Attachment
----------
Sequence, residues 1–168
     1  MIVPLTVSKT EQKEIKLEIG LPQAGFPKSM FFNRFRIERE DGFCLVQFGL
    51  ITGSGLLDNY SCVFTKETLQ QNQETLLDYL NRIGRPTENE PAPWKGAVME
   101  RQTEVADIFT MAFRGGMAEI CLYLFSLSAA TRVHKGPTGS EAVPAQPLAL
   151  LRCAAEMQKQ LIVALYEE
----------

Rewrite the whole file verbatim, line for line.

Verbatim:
Sequence, residues 1–168
     1  MIVPLTVSKT EQKEIKLEIG LPQAGFPKSM FFNRFRIERE DGFCLVQFGL
    51  ITGSGLLDNY SCVFTKETLQ QNQETLLDYL NRIGRPTENE PAPWKGAVME
   101  RQTEVADIFT MAFRGGMAEI CLYLFSLSAA TRVHKGPTGS EAVPAQPLAL
   151  LRCAAEMQKQ LIVALYEE